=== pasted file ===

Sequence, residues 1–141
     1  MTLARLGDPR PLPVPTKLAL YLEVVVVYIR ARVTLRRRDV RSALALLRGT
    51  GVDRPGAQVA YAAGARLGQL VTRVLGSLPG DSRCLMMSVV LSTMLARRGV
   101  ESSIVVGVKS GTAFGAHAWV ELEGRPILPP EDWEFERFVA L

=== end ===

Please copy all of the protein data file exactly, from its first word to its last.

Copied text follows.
Sequence, residues 1–141
     1  MTLARLGDPR PLPVPTKLAL YLEVVVVYIR ARVTLRRRDV RSALALLRGT
    51  GVDRPGAQVA YAAGARLGQL VTRVLGSLPG DSRCLMMSVV LSTMLARRGV
   101  ESSIVVGVKS GTAFGAHAWV ELEGRPILPP EDWEFERFVA L